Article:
Southwest Devalues Rapid Rewards Points By 6.5%

Effective immediately and without notice, Southwest Airlines has started requiring 6.5% more points for flight redemptions. The change comes as Southwest celebrates its 50th anniversary this week.

The Rapid Rewards program only just set new point values in 2018, making all redemptions cost the same number of points per dollar ticket cost whether it’s a ‘Wanna Get Away’ fare, Anytime, or Business Select ticket. With some occasional slight variation, a ticket cost 78 Rapid Rewards points per dollar of base fare. That was a big reduction in cost of Anytime and Business Select tickets, but an 8% increase for the cheapest fares that people tried to redeem for.

Now redemptions appear to cost 83 points per dollar of base fare, a 6.5% increase, a change first reported by Zach Honig.

That means each Southwest Rapid Rewards point gets you gets you about 1.2 cents apiece in base fare, or 1.35 cents apiece in ticket cost when you factor the taxes saved as well (award tickets don’t pay passenger facility charges, domestic excise taxes, or segment taxes but do incur security fees).

Since Southwest redemptions are tied directly to the price of a ticket, there’s no legitimate reason to devalue the currency. When air travel demand is high, award prices go up automatically. When demand is low, award prices fall. This model even accounts for inflation, since that alone pushes up redemption prices as it raises ticket prices. And the Rapid Rewards program is getting money for each point to cover those redemptions.

During the pandemic people have kept earning points on their co-brand credit card, in anticipation of using those points when they’re able to travel. Just as travel begins to pick up, the goal posts get moved slightly.

Last year the airline allowed customers to convert travel credits from unused tickets into points. Many members had credits from trips they’d cancelled due to the pandemic. This seemed like a good deal. Customers were given the same purchasing power in points that they had in cash, plus points don’t expire and can be used for someone other than the original traveler (but tickets purchased with points don’t earn points or elite status credit). Now the value of those pandemic travel vouchers, converted to points, have been devalued because they purchase 6.5% less travel.

About Gary Leff

Gary Leff is one of the foremost experts in the field of miles, points, and frequent business travel - a topic he has covered since 2002. Co-founder of frequent flyer community, emcee of the Freddie Awards, and named one of the "World's Top Travel Experts" by Conde' Nast Traveler (2010-Present) Gary has been a guest on most major news media, profiled in several top print publications, and published broadly on the topic of consumer loyalty. More About Gary »

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  1. I am SW defender due to the free bags and free ticket changes (even pre-pandemic), but they should give people a heads up about changes like this. I have over 100k points from the credit cards, which apparently are now worth only 93.5k. Someone needs to invent a frequent flyer bitcoin that is inflation-proof ; )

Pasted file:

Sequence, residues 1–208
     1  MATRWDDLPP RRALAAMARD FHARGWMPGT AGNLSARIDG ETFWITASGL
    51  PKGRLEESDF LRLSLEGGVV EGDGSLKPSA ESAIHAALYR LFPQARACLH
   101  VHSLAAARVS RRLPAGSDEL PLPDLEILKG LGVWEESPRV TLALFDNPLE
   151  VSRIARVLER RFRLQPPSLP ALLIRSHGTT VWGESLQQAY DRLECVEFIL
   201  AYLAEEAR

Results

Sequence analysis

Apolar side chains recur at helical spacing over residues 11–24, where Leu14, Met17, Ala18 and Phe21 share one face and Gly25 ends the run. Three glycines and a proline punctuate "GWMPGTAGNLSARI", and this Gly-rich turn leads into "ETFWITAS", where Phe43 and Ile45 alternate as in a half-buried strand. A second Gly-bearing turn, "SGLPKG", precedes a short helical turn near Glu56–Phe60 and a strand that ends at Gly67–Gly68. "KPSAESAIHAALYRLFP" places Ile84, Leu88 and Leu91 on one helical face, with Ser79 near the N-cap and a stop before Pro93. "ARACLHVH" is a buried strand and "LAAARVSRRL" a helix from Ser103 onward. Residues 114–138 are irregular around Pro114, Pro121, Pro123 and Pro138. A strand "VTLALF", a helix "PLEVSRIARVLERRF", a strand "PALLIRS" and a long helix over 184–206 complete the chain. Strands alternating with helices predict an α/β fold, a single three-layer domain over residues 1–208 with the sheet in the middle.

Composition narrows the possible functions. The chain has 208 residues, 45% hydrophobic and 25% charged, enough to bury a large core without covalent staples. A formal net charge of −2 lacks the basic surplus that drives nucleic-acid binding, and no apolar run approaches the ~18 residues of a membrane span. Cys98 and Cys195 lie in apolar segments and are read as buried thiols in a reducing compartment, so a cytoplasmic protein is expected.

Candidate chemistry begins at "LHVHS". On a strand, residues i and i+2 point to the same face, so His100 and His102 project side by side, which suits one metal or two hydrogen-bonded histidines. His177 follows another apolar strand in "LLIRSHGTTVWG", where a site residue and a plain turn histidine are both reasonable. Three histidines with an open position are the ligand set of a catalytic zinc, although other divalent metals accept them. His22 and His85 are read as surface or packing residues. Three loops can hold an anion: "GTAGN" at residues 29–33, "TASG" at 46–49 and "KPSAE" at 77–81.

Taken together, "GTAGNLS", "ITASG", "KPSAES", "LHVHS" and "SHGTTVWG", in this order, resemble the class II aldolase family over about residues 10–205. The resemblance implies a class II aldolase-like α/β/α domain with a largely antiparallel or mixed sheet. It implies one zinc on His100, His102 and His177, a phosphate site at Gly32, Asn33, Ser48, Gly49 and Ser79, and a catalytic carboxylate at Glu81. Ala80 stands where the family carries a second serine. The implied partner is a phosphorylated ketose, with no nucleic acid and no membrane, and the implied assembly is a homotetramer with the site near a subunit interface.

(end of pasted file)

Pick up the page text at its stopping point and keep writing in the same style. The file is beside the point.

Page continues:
2. @PlanMoreTrips

    No currency is inflation-proof, although a singular entity devaluing points any time they choose after enticing customers to switch their credits into that currency is certainly shady.

    I’m a huge southwest fan, but this is pretty bad.

  3. Southwest, Spirit, and Frontier are vying for the “Greyhound of the Skies” title.
    I’m not surprised.

  4. Shit heads just robbed my wallet of $515.
    Where do I file a police report?
    I’ve given up the miles game after 20 years and millions of miles now it’s only cash bonuses as the inflation rate is less than the devaluation rate of banked miles.

  5. Most cardholders are lemmings, they won’t even notice. Airline cards are useful for ancillary benefits like boarding, clubs, baggage fees etc. But putting spend on an airline card is just plain foolish.

  6. Confirms that earning airline points is an exercise in futility. You’re better off with cash back cards. When you need a ticket, go and buy one. These award programs are constantly devaluing the points.

  7. Weird how miles/points people freak out over every “devaluing” as if this is just unheard of. Seriously? It happens continually. Earth to travel people: EVERYTHING rises in cost, eventually and inevitably ALL THE TIME. We don’t see shopping bloggers inundating the airwaves with “BREAKING NEWS!!!!” posts every time butter goes up another nickel, which it does continually. Nope. For some reason, it is just absurd, inexcusable and downright evil for airlines and hotels to join with literally EVERY OTHER PART of our this economy and raise prices. “We will not stand for these greedy, evil capitalists lowering the value of our miles, which they mostly gave us for free in the first place!” Such a weird, entitled and warped perspective.

  8. This is almost borderline fraud following last year’s offer to convert everyone’s outstanding TTF into points. I’m pretty certain there was no disclosure that WN was planning to reduce the value of the points below the conversion rate. Maybe time to contact my class action lawyer.

  9. So, are you still going to promote all of their Chase cards? This is about as hostile an action as an airline can possibly take.

  10. @TProphet – I think the value proposition for an initial bonus if it is big enough / bigger by > 6% makes sense, and companion pass also. So the answer is – i depends on the scenario and whether southwest’s change affects it.

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